"relating" to God (another metaphor). In the end, anything
we say about God is metaphorical.
From there it was a short step for Wiles to begin asking how we can use
language about God in a meaningful way. In a sense Wiles was backtracking
on questions which had been posed years earlier (by Feuerbach for example).
He and others had asked how it is possible to use human language
about an ineffable, absolute reality.
Wiles' answer was to propose that our language
about God is necessarily symbolic and metaphorical. In other words, we use
metaphors or symbols which allow us to imagine what is "beyond"
(to use a metaphor) the humdrum physical. Just because we know that we are
not describing the Absolute when we do this doesn't mean that we
are perpetuating a falsehood.
One analogy for this process is to note how poetry uses unusual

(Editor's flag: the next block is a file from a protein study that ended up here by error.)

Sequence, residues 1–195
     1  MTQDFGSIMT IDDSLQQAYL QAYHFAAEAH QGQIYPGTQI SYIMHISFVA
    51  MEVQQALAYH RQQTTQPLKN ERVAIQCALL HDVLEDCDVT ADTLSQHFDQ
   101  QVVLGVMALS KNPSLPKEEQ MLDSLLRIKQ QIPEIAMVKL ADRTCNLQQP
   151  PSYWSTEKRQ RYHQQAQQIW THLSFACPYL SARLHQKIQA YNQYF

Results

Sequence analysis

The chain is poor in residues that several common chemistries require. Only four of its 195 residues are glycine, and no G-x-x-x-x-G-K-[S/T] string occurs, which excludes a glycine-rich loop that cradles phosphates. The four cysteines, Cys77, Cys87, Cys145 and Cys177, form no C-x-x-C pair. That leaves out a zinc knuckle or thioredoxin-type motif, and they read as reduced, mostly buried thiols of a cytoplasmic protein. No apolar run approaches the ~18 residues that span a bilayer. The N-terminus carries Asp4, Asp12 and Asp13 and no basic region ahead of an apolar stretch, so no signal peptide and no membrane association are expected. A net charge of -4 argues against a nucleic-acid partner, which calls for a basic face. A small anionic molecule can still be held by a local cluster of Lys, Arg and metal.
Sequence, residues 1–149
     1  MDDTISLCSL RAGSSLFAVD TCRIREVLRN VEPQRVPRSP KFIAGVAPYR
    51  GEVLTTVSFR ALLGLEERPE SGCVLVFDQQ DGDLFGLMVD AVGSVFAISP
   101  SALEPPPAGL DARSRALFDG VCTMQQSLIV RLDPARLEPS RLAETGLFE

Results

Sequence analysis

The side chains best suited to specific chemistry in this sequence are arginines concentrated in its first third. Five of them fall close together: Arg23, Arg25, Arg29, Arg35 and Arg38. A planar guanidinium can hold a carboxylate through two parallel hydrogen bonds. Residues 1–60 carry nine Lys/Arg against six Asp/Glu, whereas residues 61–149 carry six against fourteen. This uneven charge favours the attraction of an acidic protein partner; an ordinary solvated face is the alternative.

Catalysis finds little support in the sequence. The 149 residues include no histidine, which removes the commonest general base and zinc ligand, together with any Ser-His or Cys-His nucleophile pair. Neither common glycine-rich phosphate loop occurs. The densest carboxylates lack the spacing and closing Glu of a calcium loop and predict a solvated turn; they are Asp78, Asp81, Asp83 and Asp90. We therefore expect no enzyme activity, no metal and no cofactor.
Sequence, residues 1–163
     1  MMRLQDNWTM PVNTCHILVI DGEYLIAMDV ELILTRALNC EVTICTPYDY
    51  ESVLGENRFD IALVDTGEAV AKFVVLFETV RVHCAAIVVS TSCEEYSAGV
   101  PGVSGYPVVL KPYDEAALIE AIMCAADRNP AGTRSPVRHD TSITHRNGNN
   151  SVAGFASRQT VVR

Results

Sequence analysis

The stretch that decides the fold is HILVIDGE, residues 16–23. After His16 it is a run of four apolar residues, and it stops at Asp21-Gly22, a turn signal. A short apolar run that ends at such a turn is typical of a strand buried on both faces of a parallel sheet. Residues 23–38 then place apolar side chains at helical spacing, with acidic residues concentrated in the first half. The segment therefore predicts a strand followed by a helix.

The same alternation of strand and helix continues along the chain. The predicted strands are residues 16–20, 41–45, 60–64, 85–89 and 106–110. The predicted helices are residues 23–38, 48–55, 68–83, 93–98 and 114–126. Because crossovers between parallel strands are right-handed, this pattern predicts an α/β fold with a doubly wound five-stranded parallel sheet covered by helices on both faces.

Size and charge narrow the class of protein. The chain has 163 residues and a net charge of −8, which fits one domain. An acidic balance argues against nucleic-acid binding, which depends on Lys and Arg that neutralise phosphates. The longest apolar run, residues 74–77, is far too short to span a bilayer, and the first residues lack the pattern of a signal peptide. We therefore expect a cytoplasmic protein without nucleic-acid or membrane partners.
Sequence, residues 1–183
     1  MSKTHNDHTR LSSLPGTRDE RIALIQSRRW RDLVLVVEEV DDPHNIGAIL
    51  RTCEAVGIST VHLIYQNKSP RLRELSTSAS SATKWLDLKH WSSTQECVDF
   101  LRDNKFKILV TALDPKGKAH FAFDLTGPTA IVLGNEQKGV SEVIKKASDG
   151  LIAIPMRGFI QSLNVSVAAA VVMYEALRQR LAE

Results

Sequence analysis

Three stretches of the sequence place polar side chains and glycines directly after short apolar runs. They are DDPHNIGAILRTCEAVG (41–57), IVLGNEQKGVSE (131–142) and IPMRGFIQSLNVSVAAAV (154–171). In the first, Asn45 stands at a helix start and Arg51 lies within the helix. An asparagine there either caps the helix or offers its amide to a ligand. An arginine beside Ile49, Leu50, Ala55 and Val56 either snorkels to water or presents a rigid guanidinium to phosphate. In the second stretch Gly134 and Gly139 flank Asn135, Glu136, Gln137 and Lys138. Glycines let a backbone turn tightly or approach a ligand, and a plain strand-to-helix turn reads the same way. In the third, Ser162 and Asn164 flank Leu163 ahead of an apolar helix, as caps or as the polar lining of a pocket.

combinations of words to express the otherwise inexpressible - to give a
certain reality to subtleties
and connections which lie beyond ordinary language. Poetic constructs are
not the same, for example, as prose constructs - though both may have
elements of the other in them. God-talk (that is, theology) is no less valid
than ordinary day-to-day talk or scientific jargon when it does much
the same sort of thing.
If our God-talk is symbolic and metaphorical then there's every reason to think that we are able
to - and indeed should - develop the ways in which we think and talk about
God in any age. It's also possible that so-called "final solutions" to the
puzzle of meaningful God-talk in the past are now "wrong" for
us. They are not wrong because they are false, but because they no longer
use poetic, metaphorical constructs which relate to life as we now lead
Wiles argued that it can't be shown that there is a rational
progression from the constructs we find in the Bible to the full-blown
Trinitarian statement. Critics of Wiles suggest that his view is mistaken and that